「ST」は紙名を新たに「Alpha」として2018年6月29日より新創刊しました。 Alpha以降の英文記事はこちら
「ST」は紙名を新たに「Alpha」として2018年6月29日より新創刊しました。 Alpha以降の英文記事はこちら


Where is Hallyu?

By Patrick St. Michel


Last week, thousands upon thousands of people swarmed the Makuhari Messe convention center in Chiba for KCON Japan 2016. The two-day event celebrated "All Things Hallyu," referring to the growing popularity of South Korean culture all over the world. Besides featuring performances from big-name K-pop artists, KCON also included dozens of booths devoted to everything from Korean cosmetics to tourism.

It was an incredibly popular event, drawing fans of all ages, but you also wouldn't be blamed for having no knowledge it was happening. Despite attracting global buzz, Korean pop culture remains a niche interest in Japan, albeit as big as a niche can get. There's a big fan base for all things Hallyu in Japan, but Japanese TV shows and publications rarely feature them.

This wasn't always the case. The first summer I lived in Japan, I couldn't go anywhere without hearing a K-pop song from girl groups such as Girls' Generation or KARA. Every time I turned on the television, a show was talking about the boom in Korean pop culture, which also included Korean TV series. Korean artists such as BoA and Tohoshinki had crossed over to Japan before, but this felt very different. Whereas those artists released new songs in Japanese, this new wave of artists were capturing attention with singles sounding vastly different than J-pop and often in Korean.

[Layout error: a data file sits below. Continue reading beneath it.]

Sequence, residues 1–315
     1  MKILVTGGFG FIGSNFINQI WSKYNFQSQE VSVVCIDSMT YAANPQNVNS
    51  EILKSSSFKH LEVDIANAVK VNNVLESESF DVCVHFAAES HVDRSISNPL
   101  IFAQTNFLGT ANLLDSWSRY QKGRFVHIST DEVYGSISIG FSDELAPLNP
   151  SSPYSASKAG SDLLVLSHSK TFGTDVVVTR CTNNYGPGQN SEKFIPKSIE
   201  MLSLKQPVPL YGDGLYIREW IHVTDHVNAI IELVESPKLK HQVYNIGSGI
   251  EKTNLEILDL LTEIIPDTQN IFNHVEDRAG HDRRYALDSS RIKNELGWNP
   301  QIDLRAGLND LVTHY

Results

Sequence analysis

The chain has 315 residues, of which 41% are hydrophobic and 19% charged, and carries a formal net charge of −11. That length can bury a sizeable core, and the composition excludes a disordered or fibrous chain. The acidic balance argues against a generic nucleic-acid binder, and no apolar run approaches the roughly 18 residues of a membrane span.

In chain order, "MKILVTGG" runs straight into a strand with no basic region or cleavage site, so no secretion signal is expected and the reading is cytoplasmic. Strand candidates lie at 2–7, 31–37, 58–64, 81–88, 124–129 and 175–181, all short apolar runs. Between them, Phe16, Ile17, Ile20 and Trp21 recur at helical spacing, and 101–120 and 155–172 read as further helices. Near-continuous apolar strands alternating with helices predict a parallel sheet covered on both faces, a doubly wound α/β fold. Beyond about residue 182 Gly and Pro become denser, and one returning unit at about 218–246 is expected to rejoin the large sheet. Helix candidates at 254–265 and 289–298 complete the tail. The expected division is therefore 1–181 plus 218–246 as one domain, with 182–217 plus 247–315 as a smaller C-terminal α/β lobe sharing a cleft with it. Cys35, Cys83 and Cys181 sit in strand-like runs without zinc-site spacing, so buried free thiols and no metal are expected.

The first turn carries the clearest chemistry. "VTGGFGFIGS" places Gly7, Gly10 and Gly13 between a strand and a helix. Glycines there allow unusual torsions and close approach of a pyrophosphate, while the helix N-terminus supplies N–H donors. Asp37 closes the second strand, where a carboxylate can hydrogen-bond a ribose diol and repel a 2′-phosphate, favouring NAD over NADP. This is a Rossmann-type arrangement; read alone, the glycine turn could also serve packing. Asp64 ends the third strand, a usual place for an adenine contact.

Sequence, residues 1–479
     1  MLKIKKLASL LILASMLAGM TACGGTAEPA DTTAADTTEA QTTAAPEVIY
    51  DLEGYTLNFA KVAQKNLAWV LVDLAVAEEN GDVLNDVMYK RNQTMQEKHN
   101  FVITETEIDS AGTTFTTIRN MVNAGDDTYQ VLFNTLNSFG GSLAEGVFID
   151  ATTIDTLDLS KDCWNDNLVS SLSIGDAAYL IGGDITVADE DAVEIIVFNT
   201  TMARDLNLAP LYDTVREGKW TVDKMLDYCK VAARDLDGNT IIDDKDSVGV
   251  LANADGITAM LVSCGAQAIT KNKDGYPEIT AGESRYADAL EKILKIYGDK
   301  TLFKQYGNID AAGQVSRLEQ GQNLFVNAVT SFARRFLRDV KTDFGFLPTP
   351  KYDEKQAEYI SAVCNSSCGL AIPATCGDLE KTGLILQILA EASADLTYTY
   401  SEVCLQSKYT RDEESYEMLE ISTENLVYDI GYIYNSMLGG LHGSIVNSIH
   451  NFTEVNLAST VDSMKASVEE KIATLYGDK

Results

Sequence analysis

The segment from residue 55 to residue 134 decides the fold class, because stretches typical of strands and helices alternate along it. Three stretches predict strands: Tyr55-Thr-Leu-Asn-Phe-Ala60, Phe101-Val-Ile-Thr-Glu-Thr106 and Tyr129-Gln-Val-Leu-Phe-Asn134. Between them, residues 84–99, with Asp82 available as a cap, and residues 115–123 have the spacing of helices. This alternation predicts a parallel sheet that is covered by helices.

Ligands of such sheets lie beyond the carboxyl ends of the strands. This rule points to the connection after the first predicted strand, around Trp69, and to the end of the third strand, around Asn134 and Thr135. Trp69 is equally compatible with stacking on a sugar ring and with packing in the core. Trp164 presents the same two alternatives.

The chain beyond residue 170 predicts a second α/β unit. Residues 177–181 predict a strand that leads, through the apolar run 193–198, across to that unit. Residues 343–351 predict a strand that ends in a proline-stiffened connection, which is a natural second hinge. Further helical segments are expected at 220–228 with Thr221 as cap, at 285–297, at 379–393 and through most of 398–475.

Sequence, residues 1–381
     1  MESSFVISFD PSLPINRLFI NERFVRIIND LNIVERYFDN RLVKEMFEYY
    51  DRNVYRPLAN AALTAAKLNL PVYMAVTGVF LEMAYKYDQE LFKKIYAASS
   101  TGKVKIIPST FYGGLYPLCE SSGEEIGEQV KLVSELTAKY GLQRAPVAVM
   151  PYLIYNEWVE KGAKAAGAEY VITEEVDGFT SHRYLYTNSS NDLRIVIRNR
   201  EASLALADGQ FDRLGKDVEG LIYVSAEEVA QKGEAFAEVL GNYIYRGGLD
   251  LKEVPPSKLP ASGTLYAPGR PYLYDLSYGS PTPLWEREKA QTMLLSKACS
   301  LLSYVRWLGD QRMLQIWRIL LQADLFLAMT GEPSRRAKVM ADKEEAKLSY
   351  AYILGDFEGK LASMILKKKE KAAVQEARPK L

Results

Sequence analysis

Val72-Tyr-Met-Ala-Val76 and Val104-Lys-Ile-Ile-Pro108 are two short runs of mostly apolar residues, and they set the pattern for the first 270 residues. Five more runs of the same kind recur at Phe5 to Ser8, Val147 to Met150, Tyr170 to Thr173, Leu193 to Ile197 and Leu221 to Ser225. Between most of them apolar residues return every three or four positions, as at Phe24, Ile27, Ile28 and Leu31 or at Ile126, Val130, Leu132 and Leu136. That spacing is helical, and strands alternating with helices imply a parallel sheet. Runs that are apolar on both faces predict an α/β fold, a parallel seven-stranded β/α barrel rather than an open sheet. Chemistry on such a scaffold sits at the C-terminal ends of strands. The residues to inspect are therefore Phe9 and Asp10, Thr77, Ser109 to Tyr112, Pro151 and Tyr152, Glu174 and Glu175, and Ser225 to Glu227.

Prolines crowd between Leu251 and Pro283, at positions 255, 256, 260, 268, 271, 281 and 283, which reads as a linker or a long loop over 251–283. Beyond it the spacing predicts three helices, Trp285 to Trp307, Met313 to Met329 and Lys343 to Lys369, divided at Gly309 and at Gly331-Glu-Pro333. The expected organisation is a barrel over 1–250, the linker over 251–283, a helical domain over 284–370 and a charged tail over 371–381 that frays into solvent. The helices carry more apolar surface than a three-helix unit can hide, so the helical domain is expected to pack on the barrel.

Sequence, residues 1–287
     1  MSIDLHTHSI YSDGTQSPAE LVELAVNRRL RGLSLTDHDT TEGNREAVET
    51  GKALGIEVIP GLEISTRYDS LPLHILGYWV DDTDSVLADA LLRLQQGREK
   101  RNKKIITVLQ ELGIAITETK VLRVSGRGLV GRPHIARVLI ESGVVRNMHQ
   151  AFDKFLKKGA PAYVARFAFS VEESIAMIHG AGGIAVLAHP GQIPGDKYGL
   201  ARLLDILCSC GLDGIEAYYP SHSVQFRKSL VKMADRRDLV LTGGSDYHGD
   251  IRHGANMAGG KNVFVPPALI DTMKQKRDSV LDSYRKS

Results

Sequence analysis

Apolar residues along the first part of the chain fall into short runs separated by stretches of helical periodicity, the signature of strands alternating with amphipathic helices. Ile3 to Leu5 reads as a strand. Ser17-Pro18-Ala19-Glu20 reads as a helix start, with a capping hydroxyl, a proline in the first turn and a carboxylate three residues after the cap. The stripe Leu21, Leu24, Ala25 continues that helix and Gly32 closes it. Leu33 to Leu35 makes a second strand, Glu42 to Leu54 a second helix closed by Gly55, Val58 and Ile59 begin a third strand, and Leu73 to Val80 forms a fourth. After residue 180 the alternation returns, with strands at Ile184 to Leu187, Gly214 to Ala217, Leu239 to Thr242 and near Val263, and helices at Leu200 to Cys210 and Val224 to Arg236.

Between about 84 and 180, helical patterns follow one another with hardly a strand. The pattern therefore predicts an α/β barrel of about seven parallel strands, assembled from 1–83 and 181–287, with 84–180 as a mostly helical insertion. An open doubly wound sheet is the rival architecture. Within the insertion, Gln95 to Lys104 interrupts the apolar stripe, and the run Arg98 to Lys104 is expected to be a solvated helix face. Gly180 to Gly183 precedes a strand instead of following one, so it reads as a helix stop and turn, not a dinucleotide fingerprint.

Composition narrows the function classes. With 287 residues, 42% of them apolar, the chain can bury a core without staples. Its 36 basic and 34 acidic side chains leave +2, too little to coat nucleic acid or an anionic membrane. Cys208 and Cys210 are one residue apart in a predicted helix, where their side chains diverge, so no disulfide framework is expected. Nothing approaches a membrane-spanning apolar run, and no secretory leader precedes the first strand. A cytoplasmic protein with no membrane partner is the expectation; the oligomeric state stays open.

Not everyone welcomed Hallyu with open arms. Actor Sousuke Takaoka tweeted in 2011 that Fuji TV showed so many Korean TV series that he felt "brainwashed." TV staple Matsuko Deluxe similarly slammed K-pop on a variety show, while various groups held protests outside TV stations airing Korean shows. Despite that, K-pop groups such as Big Bang and 2NE1 sold out baseball stadiums and appeared frequently on Japanese music shows. I remember many of my junior high school students at the time were obsessed with the groups, decorating their pencil cases with Hallyu-friendly stickers.

I don't think Japanese fans of K-pop or K-dramas went away, but the coverage of it changed. The 2012 edition of NHK's annual Kohaku Uta Gassen featured zero K-pop performers — despite Korean acts recording massive sales and three groups having appeared on the show the year before. Some cited increased political tensions between the two nations, but soon after K-pop vanished from nearly every channel. Last year, NHK announced it would no longer air any Korean TV series on its free-to-air channel, another blow to Hallyu in Japan.

Despite a shift away from acknowledging its existence, K-pop remains popular with many in Japan. Groups such as AOA and Block B do well on music charts, as does girl group Twice, which features three Japanese members. That trio of groups all appeared at KCON, the ultimate reminder that even if the Japanese media edges away from Hallyu for political reasons, a love of Korea's pop culture continues to bring thousands of Japanese together.



The Japan Times ST: April 15, 2016

The Japan Times ST 読者アンケート




2018年6月29日号    試読・購読   デジタル版